Way back in September, Will and I busted out our calendars and penciled in a backpacking trip for the weekend of October 19-20. We saw that our weekends were filling up fast and we wanted to grab one last trip before the snow really began to fly! Coincidentally, my friend Ryan came to town that same weekend, so the three of us plus another friend decided to make a weekend out of it.
We debated locations but I finally chose the Willow Lake trail in the Sangre de Cristo range. I love the Sangres since they are so remote and rugged and have very few people—plus, Will had never been there! They are located in the southern part of Colorado so we all piled into our car after Friday’s work day and set out on the four hour journey.
After arriving at the trailhead around midnight, we literally threw our tents in the parking lot and crashed for the night. We knew that we didn’t have to worry about an early start, so we snoozed off and on throughout the morning….or until Tally got antsy, began stomping around our tent, and popped Will’s sleeping pad!
Y’all, this may not seem like a huge deal but it kinda was! Obviously, he hadn’t brought an extra pad with him and we knew that we would likely be camping in snow. Sleeping pads make the nights more comfy, but more importantly, they keep your body off the ground so that you are protected from the cold. I was super concerned that Will would freeze once we reached camp, but he assured me it would be fine since he had a repair kit with him. Freaking Tals and her Velociraptor claws!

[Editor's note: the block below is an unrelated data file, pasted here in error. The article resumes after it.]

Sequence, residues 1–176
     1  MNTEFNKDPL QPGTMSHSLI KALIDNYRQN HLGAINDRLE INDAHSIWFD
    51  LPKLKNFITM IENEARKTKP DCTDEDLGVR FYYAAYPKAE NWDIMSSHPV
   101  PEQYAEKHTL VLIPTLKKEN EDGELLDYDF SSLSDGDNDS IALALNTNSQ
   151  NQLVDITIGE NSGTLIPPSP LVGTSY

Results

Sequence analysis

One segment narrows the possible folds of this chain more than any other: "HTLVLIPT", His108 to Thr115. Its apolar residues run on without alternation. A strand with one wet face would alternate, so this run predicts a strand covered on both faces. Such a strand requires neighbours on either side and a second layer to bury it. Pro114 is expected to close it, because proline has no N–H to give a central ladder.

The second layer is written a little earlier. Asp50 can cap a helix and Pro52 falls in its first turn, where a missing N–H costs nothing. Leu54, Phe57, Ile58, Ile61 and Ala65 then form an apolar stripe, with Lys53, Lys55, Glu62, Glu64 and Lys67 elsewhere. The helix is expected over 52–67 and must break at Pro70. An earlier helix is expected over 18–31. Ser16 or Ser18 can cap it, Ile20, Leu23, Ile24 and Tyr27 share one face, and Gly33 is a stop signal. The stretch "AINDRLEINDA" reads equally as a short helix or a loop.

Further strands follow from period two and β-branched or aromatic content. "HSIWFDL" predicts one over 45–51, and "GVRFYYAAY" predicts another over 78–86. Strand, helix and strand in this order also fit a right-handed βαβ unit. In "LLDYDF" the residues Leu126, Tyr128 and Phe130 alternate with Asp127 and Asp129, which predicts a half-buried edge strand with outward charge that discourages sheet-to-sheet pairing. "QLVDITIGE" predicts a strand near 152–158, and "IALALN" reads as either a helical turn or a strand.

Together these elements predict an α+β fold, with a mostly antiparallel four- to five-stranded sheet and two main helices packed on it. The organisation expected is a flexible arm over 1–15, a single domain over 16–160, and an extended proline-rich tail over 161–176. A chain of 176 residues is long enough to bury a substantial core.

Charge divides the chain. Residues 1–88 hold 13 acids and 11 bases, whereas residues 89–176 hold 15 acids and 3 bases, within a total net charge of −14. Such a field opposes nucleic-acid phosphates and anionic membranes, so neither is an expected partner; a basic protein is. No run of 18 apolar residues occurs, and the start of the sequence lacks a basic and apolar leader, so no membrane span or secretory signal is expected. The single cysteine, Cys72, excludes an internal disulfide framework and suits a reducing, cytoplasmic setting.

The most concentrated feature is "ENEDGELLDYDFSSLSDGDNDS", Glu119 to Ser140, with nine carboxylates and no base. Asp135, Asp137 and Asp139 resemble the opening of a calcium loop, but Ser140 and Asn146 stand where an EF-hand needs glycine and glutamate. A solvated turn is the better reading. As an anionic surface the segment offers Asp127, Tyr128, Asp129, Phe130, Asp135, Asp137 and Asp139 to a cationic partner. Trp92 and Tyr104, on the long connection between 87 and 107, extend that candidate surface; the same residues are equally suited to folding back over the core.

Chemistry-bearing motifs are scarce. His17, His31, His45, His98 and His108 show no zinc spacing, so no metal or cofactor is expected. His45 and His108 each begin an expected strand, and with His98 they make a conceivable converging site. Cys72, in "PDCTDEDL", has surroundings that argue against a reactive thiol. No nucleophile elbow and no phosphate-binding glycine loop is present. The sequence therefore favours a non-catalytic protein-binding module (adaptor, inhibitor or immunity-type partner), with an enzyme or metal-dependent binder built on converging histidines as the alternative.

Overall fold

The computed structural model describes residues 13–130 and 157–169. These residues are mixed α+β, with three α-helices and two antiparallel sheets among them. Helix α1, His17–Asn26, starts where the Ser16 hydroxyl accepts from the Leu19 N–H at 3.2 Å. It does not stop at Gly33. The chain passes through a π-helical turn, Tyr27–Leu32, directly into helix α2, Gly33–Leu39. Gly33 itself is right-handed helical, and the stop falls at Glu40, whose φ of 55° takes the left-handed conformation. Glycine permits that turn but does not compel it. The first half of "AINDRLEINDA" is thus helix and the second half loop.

Out of the gates, the trail began a gradually climb up and over the first ridge. According to trip reports, we were looking at anywhere from 7-9 miles round trip, which really isn’t a lot. However, it turns out that there was TONS of elevation gain, so while the mileage was low, the altitude gained was high!
After cresting the first baby ridge, we popped out of the snowy shadows and got a glimpse of the beautiful peaks ahead of us.
Eventually, we split into two groups with Peter and Ryan up ahead and Will and I poking along slowly. Will and I both have the same mentality when backpacking and we really like to look around and enjoy the scenery. Plus, Will is always stopping to snap photos so I swear we spend more time snapping shots than we do actually hiking. Regardless, the intense climbs didn’t seem bad to me at all because we were going so slow!